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Titan Comics sent me a copy (two actually) of the issue to review, so here are my thoughts on WWE Heroes #1…
Title: WWE Heroes #1
Story by: Keith Champagne
Art by: Andy Smith
Colors by: Hi Fi Color Design
Letters by: Comicraft
Cover by: Andy Smith, Liam Sharpe
Publisher: Titan Comics
Cover price: $3.99 (USD)
Release Date: March 23rd, 2010
I feel kind of bad hating this comic as much as I do. After all, Keith Champagne was nice enough to answer my questions and Titan was nice enough to send me two copies of the first issue (one of each cover). But, this is a very, very bad comic. The only thing that I can say worked was the lettering. Comicraft did their usual solid work. Everything else? Well, you can see my rating.
Given that this is a wrestling comic, I figured I’d use the rating system that I use when rating wrestling matches, not the regular CBR one where they won’t let us give books negative ratings. This book, though, was the comic book equivalent of the Nasty Boys and Jimmy Hart winning a three-on-three tag match. Or a botched Divas match. If there were a comic equivalent of Botchamania, this book would get its own little video.
I’ll admit that I’m biased against wrestling comics despite my love of wrestling. I’ve never really read one that appealed to me as a wrestling or comic fan, so it’s easy to gain an anti-wrestling comics bias. That said, I would love for one to be amazing and win me over. However, there’s something about the broad characters and quick action that make wrestling a tough adaptation for comics. The characters in wrestling lack a certain depth you want in comics, meant to play on a broad live stage with exaggerated mannerisms and simple motivations. Their promos are over-the-top often and somewhat laughable when they get too serious. But, part of what makes that work is the wrestlers themselves: you accept the bombastic promos of Triple H or John Cena because, well, an actual human is saying the words and seems to believe in what they’re saying. A character on the page doesn’t give that sense of conviction, that permission to go along with it, because you aren’t alone.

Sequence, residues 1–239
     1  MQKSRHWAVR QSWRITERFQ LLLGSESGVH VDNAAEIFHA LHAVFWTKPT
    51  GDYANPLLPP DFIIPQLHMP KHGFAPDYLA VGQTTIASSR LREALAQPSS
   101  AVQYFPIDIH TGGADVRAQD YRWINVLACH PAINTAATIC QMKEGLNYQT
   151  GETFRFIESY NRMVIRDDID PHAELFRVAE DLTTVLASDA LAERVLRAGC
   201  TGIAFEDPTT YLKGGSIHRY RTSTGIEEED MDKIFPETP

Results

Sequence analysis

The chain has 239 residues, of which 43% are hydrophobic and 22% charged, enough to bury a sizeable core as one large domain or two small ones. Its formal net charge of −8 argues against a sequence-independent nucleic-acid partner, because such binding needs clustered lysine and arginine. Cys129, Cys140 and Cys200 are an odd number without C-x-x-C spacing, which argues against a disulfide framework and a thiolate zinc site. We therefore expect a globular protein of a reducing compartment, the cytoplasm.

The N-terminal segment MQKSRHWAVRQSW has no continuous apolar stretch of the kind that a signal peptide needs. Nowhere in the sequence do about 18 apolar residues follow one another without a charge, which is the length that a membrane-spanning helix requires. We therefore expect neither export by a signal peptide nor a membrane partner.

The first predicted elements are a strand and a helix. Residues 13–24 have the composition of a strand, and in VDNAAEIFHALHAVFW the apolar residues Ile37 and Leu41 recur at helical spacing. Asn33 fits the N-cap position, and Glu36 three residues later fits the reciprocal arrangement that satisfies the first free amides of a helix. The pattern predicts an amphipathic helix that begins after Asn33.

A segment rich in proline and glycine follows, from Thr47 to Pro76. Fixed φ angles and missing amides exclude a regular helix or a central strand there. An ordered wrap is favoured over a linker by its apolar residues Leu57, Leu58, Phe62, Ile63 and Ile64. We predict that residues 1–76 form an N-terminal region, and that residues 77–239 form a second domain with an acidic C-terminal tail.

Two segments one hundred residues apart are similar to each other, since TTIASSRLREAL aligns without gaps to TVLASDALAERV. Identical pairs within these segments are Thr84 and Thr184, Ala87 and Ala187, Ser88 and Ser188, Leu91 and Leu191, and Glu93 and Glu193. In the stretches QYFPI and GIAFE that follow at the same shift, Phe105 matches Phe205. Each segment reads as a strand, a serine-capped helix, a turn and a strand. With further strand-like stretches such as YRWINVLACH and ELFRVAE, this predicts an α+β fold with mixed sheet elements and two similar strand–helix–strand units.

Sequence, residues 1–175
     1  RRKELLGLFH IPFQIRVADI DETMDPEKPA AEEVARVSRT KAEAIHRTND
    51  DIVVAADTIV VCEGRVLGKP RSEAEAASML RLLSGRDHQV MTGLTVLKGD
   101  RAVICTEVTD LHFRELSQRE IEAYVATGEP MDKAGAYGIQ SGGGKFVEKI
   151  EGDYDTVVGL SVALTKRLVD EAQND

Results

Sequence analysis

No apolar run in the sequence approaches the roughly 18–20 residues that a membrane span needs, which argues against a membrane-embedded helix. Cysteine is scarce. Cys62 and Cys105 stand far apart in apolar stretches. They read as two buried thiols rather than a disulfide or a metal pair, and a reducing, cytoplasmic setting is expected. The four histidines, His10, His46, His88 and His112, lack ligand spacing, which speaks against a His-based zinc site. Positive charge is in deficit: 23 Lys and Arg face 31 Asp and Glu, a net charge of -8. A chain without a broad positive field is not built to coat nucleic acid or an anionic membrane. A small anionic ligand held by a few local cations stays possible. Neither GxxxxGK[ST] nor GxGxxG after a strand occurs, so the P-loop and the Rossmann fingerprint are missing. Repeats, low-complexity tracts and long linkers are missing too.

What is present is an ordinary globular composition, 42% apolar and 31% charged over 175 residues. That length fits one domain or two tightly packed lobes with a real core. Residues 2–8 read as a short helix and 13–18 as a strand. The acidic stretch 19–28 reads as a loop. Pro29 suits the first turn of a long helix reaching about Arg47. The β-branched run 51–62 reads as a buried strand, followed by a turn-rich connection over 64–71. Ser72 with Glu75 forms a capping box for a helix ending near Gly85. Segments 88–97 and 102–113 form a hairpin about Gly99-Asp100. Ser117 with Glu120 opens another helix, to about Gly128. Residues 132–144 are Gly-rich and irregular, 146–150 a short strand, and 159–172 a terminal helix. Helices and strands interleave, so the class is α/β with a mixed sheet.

Wrestling is also a form of entertainment meant for the audience, the shared experience. Even if you watch a match all alone, there’s still a crowd, there are still the commentators, still some semblance of the idea that you aren’t alone in enjoying this somewhat outlandish, ludicrous behavior. I don’t think that I need or look to others to give me permission to like wrestling, but that sense that you’re part of a bigger group that’s also enjoying it is part of the basic, intrinsic level of wrestling. Taking that feeling of shared experience away changes it. The comic lacks that. It also lacks the space to really get across the action. What wrestlers can do in a few seconds would take a page to get across in a comic properly.
So, without those elements, it’s easy to see why Champagne tried to introduce new elements to play with the idea of the wrestlers in a way that comics can do, but the live shows can’t. It really doesn’t work, though.
The basic plot of the comic is that, long, long ago, there were two brothers: the Firstborn and the King of Shadows. They fought and the Firstborn won, scarring the left half of the King of Shadows’s face. Throughout history, they’ve been reincarnated and fought against one another as the King of Shadows sought revenge. Now, it appears that the Firstborn is one of the WWE superstars. In this issue, the King of Shadows accesses the memories of one of his priests, seeing wrestling matches and trying to find his brother.